During this time it’s not uncommon to see the goalkeeper moving further up the field of play than you would normally see them playing. Sometimes you may even see them hanging out around the halfway line. Although it needs to be remembered than this is an extremely risky choice as it leaves the goalkeeper’s goal wide open and vulnerable to any long distance attempt from the opposition.
The reason the goalie does move up the field can be because the goalkeeper is just trying to get nearer to where the game is taking place and they are hoping that if they are nearer they are more likely to be involved. It also is an advantage to their own team is it effectively gives them another outfield player.
But it also means that they are closer to the opposing team’s goal. And we all know that the nearer you are to the goal the more likely you are to score a goal. It’s by no means guaranteed, but your chances do increase!
This is a situation where some goalkeepers find themselves in a position to score a goal. The reality is, however, that most goalkeepers get on the scoresheet from very specific parts of the game.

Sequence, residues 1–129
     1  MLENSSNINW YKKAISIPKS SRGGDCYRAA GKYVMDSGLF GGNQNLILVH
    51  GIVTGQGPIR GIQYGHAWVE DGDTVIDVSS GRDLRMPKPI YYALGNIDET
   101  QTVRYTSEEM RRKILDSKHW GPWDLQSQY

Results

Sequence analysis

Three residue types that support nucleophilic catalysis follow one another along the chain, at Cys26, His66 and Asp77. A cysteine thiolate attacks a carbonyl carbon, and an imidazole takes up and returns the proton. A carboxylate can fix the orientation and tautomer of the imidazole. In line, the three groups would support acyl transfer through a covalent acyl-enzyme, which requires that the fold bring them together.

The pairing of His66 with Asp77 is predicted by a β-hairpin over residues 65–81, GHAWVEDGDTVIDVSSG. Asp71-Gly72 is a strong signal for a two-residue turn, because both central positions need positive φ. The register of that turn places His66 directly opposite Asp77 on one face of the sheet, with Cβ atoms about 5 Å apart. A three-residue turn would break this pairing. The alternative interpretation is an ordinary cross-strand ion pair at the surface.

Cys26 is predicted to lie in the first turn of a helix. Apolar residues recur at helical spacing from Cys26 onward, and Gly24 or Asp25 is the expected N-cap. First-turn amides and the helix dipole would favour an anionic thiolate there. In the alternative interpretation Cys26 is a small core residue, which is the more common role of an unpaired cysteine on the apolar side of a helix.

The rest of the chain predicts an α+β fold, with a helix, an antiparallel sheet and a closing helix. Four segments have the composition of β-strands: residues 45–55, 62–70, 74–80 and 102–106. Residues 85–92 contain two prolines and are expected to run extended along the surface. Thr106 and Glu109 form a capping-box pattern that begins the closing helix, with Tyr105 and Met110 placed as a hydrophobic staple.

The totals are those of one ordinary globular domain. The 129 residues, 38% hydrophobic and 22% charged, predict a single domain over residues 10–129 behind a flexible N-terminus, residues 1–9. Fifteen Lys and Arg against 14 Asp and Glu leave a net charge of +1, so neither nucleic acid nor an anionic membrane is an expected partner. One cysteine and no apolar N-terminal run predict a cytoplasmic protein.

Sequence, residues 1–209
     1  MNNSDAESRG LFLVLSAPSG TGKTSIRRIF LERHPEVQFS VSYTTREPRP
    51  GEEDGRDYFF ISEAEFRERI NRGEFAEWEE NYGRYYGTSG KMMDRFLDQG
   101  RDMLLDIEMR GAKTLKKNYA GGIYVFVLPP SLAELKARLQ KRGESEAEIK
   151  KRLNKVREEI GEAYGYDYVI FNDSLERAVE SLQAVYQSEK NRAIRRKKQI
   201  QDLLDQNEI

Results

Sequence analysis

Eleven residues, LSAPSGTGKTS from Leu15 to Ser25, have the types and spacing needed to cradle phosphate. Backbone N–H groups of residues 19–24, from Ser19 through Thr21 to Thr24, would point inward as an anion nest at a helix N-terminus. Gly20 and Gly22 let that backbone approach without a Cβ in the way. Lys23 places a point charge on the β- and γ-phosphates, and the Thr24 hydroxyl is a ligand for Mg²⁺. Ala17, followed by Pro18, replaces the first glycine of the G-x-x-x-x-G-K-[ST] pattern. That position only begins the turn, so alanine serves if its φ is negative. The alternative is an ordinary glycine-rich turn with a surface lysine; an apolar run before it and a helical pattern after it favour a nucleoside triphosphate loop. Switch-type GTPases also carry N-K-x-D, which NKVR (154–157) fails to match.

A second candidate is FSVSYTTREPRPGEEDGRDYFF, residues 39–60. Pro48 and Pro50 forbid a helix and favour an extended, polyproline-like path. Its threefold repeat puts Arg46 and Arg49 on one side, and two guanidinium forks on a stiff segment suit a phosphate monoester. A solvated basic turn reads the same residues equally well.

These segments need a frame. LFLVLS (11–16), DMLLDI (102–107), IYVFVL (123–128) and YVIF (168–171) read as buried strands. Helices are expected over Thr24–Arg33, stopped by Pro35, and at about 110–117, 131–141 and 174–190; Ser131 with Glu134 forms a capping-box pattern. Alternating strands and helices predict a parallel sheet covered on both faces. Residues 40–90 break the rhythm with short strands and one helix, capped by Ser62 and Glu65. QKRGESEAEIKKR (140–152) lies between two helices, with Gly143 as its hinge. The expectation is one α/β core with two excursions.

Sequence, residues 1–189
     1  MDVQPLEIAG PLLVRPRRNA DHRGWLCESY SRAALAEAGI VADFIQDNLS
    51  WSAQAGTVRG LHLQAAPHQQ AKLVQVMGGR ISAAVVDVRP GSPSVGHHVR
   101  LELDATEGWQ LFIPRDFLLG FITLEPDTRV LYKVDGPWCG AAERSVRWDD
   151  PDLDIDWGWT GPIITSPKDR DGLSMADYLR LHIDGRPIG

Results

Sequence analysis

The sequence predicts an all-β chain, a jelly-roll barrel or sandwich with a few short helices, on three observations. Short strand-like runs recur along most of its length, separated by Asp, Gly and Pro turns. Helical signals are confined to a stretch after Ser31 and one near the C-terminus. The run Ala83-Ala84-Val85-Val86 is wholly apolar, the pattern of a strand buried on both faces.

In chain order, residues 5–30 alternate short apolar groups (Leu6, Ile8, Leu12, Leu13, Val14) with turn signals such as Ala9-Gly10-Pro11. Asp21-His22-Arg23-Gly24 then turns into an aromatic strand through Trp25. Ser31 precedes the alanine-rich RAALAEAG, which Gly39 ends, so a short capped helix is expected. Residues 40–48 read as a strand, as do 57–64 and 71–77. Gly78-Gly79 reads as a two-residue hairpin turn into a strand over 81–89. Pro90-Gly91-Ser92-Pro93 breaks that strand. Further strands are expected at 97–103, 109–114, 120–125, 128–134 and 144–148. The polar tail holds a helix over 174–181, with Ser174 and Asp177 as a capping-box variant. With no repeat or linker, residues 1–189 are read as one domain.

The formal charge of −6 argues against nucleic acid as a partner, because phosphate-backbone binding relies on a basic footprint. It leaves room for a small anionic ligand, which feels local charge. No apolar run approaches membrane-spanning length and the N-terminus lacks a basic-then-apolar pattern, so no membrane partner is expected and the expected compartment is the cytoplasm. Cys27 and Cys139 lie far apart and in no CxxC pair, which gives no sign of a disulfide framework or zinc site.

Most goalkeepers who score take part in set-pieces
This is where most of the goals scored by goalkeepers come from.
Whether it is the goalkeeper themselves taking a penalty or a free-kick, or whether they simply come into the opposition’s half of the field to put themselves in a position to score when their team is about to take a set-piece. The vast majority of goals scored by goalkeepers come from a set-piece.
The Brazilian goalkeeper, Rogério Ceni, is on record as being the highest-scoring goalkeeper in the history of the game. He is credited with scoring 131 goals throughout his career. Almost every one of these goals came from taking the free-kicks and penalty kicks for his team. This put him in a great position to score in the majority of games he played in.